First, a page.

Economy

Yellen outlines bold climate agenda calling for net-zero emissions by 2035

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Key Points
  • Treasury Secretary Janet Yellen called for an ambitious effort to tackle climate change.
  • She called the approach a "whole-of-economy" strategy involving the public and private sectors.
  • Under Biden, that approach has changed sharply to the point that some Republicans have said is an overstep on Treasury's behalf.
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Yellen: Fighting climate change requires 'whole of economy' approach

Treasury Secretary Janet Yellen called Wednesday for an ambitious effort across the entire U.S. economy, from pollution-emitting businesses to big financial institutions, to tackle climate change.

In a further elaboration on her office's involvement in the climate issue, Yellen cited the importance of the public and private sectors working together to cut emissions and move the world towards a greener future.

"President Biden has outlined an ambitious strategy to transition the United States to net-zero emissions and has mobilized the entire government to achieve it," Yellen said in prepared remarks to the Institute of International Finance. "At Treasury, our goal is to take this 'whole-of-government' approach and turn it into a 'whole-of-economy' approach."

Among the initiatives are a Clean Electricity Standard aimed at achieving carbon-free electricity generation by 2035. The plan also removes tax subsidies for fossil fuels and will provide grants and incentives for electric vehicles.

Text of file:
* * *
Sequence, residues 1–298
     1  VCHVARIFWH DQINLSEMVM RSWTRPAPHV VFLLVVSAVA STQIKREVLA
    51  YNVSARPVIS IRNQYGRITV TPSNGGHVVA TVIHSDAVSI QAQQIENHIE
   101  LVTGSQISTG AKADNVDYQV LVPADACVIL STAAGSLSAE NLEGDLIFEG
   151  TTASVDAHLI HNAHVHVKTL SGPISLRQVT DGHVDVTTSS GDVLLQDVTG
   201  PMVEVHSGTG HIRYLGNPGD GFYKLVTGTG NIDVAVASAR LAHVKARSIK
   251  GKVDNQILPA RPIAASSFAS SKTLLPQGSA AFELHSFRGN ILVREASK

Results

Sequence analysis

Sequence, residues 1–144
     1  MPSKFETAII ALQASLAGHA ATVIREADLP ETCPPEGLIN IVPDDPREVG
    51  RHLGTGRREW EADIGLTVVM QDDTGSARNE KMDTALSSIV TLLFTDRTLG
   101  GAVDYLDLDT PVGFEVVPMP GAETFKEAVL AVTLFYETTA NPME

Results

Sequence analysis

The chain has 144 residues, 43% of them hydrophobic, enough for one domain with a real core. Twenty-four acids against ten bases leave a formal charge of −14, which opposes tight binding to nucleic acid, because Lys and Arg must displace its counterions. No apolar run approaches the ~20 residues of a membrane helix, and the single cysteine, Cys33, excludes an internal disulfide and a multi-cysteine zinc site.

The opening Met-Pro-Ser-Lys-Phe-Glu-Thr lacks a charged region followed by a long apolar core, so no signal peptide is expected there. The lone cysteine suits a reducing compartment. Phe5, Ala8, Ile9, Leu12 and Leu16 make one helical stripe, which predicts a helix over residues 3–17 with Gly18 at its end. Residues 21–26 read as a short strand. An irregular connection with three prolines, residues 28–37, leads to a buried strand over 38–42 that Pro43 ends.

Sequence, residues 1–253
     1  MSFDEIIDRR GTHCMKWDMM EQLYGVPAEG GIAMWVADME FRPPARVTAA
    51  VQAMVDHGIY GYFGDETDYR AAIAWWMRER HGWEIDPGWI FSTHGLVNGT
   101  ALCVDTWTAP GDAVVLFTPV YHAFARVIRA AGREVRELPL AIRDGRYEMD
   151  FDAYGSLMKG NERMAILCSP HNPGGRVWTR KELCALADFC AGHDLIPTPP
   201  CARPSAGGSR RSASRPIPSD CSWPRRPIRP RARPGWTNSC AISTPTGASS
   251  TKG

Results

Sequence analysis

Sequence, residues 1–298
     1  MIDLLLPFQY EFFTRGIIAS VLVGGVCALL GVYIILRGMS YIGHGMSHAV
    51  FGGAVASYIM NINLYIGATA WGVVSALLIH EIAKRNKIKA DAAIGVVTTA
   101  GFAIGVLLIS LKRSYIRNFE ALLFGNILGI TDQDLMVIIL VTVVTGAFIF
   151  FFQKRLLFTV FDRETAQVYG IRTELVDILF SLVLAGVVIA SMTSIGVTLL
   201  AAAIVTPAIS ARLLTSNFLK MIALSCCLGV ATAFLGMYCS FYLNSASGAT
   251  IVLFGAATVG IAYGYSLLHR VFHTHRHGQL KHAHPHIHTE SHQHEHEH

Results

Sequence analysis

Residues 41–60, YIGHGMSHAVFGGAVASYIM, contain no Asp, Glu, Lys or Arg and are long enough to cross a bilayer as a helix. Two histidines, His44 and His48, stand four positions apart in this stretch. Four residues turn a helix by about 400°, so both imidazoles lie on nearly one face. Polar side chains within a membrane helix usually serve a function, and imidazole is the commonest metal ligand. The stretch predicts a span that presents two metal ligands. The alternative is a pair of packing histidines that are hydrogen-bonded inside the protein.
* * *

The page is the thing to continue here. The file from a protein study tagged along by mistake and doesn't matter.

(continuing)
Yellen also said the emphasis will stretch to the financial system.

In remarks that build out on steps already taken by the Federal Reserve, which she used to chair, Yellen said work needs to be done to identify assets at risk due to potential climate disasters. From there, institutions will be called on to indicate how they are prepared to handle such risks.

She recognized that such moves are in their nascent stage and will be difficult to measure, but she said the push is necessary.

"The thinking goes that because we know so little about climate risk, let's be tentative in our actions—or even do nothing at all. This is completely wrong in my view," she said. "This is a major problem and it needs to be tackled now."

The remarks are a sharp departure for the U.S. after the Trump administration took a largely hands-off approach to the issue, withdrawing from the Paris climate accords and taking a friendlier view of fossil fuels.

Under Biden, that approach has changed sharply to the point that some Republicans have said is an overstep on Treasury's behalf.

However, Yellen said the administration is determined to tackle the issue and work with its global partners.

"We are committed to working closely with our international partners — particularly other large emitters, such as Europe, India, and China — in our shared responsibility to implement ambitious emissions reduction measures," she said.

Yellen noted that workers will be displaced by the administration's goals and said the climate initiatives will provide workforce development and the "delivery of federal resources" to communities impacted negatively by the green energy efforts.

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